Do you have an old computer or two that have seen their last days? If you've considered throwing your old computers in the trash, think again. Computers are not only worth recycling, they also pack a few harmful components that if not recycled properly could end up leeching into the environment. So if you have a pile up of old computers and parts, take them to your local electronic recycling center.
Computer screens, monitors, circuit boards, and terminals contain lead.
Needless to say, the health hazards of lead are quite apparent, and if you're worried about lead paint, then you should be worried about the lead present within your old computer screen. Screens, monitors, and terminals are filled with glass tubes called cathode ray tubes, which could contain anywhere from two to five pounds of lead.
Computer circuit boards are also made from lead. This lead can then go on to seep into the surrounding environment if it's ever thrown into a landfill.
Laptop batteries can pose hazards, too.
Lithium is an alkali metal almost always found in computer batteries. The problem with lithium is that, as an alkali metal, it is a highly reactive element. This is the reason this metal is used in batteries; it's an excellent conductor of heat and electricity.
So what happens when these batteries are thrown into the landfill? Lithium's excellence in conducting heat and electricity can lead to combustion if it ends up sitting under the hot sun. If there are other lithium sources in the vicinity, they'll be more likely to be set off in a chain reaction from just one battery setting fire. This can then send noxious gases and contaminants into the air and surrounding environment.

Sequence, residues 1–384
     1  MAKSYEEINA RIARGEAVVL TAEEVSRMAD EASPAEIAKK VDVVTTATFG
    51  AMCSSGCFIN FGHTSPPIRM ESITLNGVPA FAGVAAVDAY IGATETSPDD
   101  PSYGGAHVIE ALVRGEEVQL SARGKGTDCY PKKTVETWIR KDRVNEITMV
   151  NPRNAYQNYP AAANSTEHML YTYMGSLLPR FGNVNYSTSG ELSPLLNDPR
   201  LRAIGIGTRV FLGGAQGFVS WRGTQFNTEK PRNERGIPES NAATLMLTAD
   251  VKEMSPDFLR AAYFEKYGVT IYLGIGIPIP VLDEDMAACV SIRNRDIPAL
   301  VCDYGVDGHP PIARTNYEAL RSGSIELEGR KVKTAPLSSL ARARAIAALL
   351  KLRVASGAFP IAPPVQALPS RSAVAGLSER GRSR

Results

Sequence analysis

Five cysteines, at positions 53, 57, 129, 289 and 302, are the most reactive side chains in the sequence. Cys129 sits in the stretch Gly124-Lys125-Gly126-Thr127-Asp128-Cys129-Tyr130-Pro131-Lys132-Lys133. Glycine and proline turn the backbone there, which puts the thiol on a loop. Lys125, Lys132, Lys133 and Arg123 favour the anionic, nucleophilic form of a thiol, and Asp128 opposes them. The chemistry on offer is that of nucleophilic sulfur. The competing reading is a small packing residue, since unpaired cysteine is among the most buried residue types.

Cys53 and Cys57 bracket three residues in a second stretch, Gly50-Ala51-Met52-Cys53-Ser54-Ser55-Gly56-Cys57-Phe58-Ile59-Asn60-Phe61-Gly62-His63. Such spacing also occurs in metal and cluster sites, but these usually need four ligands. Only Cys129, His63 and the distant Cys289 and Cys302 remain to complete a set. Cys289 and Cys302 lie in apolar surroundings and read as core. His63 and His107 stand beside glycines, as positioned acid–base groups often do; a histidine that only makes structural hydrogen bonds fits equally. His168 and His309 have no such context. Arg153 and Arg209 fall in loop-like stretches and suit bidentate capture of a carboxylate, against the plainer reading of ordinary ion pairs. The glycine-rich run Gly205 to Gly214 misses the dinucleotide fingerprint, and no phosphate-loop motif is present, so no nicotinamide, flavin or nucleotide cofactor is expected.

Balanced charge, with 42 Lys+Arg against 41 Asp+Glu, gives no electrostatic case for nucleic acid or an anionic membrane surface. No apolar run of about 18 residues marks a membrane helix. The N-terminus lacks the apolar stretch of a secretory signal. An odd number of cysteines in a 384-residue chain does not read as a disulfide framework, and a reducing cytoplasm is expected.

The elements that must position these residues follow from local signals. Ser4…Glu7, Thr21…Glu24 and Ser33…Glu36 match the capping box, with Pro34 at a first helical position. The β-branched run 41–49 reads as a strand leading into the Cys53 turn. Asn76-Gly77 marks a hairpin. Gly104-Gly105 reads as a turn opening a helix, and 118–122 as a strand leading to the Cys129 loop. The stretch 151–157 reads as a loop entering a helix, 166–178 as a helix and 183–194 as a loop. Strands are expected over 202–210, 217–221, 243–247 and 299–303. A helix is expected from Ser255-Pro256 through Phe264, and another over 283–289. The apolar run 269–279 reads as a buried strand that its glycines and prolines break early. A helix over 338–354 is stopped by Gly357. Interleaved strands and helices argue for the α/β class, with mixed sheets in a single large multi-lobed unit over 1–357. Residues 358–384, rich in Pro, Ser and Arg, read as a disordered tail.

If hazardous materials aren't enough to deter you, think about all the precious metals.
Computer and electronic parts almost always have a small amount of precious metals like gold, silver, and platinum within them. These precious metals aren't toxic to the environment like lead or lithium, but they do go to waste when simply thrown away. When you take your computer to an electronic recycling center, these facilities work to extract the hazardous materials, then go on to separate the precious metals from other parts.
Once this precious metal is extracted, it can be sold to precious metal companies who work to melt down the metals in a smelter to amass larger quantities.
So the next time you have a defunct or broken computer or laptop—or more than one—consider taking the time to bring it to a proper recycling facility, like Mid-States Recycling & Refining. You'll give the precious metal industry more material and keep the toxic metals out of the landfill.Share
6 August 2015
About 10 years ago, I moved into my current home. Without being environmentally conscious at the time, I didn’t give much thought to how I moved my belongings from my old place to my current abode. However, as I’ve gotten older, I’ve learned to appreciate the environment much more. I realize that we only have a certain amount of resources and should do everything in our power to conserve them. Nowadays, you can plan a green move easier than ever before. Some moving companies offer reusable containers for you to pack your stuff in. The amount of green transportation options is constantly increasing. On this blog, you will learn how to get green on your next move.